It all started in the 1950s when Harry and Patricia Kislevitz began experimenting with a flexible vinyl material. They had bought rolls of different colored vinyl and simply cut out shapes that they would place on their bathroom walls. They left the vinyl and scissors available so guests could add their own touch. Their friends were intrigued and they knew they were on to something.
The first Colorforms set was hand-cut: a thimble, a bottle, and a medicine container top were just some of the shapes that would become the foundation of the very first set, designed by Patricia, and now housed in the Museum of Modern Art in its permanent collection. The pieces had the ability to cling to backgrounds without adhesive.
The idea is that you can move the pieces on your backdrop countless times. The pieces stick to the background without chemical or static adhesion, and in a secure but non-permanent manner when a vacuum is created between the two polished surfaces, holding the piece in place.
The concept came in 1951 and was firmly rooted in the Modernist design ethos and reflected the Color Field abstract style prevalent at the time. The first 1,000 sets were sold “on the concept” to the FAO Schwarz toy store. They adopted the slogan “It’s More Fun To Play The Colorforms Way!” in print ads and television commercials.
In 1957 they introduced Popeye as their first licensed product. Two years later Paul Rand (an eminent twentieth-century American graphic designer and art director. He was the pioneer of iconic corporate logo designs for major firms, including IBM, ABC, Morningstar, Inc., NeXT Computer, Yale University, and Enron. He was an avid practitioner of the Swiss Style of graphic designing in the American advertising industry) designed the Colorforms logo. They would release “Space Warrior” and “Outer Space Men” In the early 60s.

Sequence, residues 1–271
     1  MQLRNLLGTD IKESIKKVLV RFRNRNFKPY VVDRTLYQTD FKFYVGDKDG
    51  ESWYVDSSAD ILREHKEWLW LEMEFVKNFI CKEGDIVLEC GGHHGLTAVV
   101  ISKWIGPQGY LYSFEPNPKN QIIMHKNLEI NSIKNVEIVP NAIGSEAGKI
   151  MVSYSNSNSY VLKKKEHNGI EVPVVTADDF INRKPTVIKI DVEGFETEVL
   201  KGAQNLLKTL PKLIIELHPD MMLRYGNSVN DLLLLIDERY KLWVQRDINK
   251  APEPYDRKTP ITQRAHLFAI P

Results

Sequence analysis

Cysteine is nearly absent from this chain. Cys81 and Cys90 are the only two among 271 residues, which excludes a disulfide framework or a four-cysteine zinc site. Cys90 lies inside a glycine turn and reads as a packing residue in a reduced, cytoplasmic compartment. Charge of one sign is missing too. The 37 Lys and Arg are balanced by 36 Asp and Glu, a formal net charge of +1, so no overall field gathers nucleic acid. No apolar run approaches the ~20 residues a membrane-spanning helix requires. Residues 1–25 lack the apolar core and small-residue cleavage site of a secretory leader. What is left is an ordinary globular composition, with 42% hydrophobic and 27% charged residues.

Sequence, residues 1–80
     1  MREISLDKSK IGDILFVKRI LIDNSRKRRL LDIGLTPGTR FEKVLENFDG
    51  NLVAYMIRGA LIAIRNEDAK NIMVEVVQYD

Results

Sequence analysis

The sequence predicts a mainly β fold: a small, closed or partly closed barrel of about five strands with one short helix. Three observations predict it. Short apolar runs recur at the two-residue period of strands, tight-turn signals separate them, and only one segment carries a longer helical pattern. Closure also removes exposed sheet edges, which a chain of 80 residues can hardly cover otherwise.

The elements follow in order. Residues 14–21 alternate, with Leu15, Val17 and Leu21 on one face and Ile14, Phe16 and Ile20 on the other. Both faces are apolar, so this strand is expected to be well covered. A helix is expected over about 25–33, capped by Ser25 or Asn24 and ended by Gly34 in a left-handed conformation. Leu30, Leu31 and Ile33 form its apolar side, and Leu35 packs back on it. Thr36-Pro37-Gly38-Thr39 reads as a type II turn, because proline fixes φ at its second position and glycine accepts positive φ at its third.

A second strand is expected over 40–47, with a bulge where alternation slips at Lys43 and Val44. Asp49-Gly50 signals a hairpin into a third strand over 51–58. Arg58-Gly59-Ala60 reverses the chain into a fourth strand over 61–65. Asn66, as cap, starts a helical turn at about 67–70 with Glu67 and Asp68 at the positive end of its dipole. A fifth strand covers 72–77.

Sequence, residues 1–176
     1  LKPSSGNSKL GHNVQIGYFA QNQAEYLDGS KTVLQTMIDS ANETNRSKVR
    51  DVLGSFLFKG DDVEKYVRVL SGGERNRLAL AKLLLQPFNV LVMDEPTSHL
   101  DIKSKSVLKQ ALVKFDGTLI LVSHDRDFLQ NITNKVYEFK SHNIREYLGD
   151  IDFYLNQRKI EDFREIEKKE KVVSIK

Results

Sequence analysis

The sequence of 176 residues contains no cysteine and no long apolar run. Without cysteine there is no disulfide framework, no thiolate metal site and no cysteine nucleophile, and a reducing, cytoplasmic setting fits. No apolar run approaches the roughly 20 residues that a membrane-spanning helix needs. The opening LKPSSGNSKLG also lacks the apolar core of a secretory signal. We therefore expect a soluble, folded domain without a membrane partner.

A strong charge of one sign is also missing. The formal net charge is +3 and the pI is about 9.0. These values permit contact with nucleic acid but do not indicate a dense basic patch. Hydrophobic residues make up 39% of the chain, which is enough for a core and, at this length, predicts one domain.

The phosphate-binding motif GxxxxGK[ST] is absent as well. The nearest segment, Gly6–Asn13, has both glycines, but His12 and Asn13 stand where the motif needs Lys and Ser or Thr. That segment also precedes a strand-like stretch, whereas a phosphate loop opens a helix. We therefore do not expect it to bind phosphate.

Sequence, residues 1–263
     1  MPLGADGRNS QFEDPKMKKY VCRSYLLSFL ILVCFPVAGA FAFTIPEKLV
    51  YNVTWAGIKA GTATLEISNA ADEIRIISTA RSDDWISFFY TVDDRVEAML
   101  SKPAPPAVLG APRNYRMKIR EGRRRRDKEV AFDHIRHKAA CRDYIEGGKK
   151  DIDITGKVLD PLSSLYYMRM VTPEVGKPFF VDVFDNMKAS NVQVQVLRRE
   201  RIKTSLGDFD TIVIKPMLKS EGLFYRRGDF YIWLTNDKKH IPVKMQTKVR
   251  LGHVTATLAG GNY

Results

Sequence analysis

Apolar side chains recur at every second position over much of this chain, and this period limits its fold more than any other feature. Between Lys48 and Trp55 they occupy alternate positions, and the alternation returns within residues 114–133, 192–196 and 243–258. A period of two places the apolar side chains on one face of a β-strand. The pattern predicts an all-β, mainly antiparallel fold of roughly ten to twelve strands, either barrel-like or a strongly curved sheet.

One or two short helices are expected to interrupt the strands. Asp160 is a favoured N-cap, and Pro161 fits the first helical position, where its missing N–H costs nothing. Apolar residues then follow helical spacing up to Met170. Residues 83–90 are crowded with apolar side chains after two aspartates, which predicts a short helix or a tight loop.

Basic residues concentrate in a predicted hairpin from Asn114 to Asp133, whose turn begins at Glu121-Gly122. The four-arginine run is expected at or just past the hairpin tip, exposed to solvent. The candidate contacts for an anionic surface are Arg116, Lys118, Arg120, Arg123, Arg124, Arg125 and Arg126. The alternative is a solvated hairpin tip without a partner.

It was 1962 when “Miss Weather”, a Colorforms character featuring a wardrobe that changed with the weather, makes her debut. In 1966 Colorforms released the “Batman Cartoon Kit” including the Batmobile and the Joker. Later in the 60s, they announced the popular “Beatles Cartoon Set”. I personally had the Colorforms “Make Your Own IN Buttons” from 1967. I used to make up buttons that could be redesigned easily. I remember being influenced in my button designs by the TV show, Rowan and Martins Laugh-In.
The 1970s brought “Space 1999” “Star Trek”, “Barbie” and all her outfits. There was “David Cassidy”, “Welcome Back Kotter” and the ability to solve mysteries with “Scooby-Doo”. The 80s added “Muppet Babies”, “Pound Puppies”, Cabbage Patch Kids”, “California Raisins”, “ET”, “Gremlins” and even “Pac Man”. The ’90s brought “Teenage Mutant Ninja Turtles “, “Where’s Waldo”, “Blue’s Clues”, “WWF Action Set”, “The New Kids on the Block” and “Mighty Morphin Power Rangers”.
The 2000s and 2010s continued on with such as “Harry Potter”, SpongeBob SquarePants”, “Jurassic World Sticker Story Adventure”, “Frozen”, “Despicable Me”, and “Dora the Explorer”. Colorforms was named “Top 100 Toys of All Time” in 2011 by Time Magazine. They’ve introduced glow-in-the-dark, glitter, magic reveals, sound effects, and even record and playback capabilities. Colorforms are listed among the Top 10 Toys of the Century by the Toy Industry of America (TIA). The Colorforms name has been acquired several times since 1997 but they still sell products today.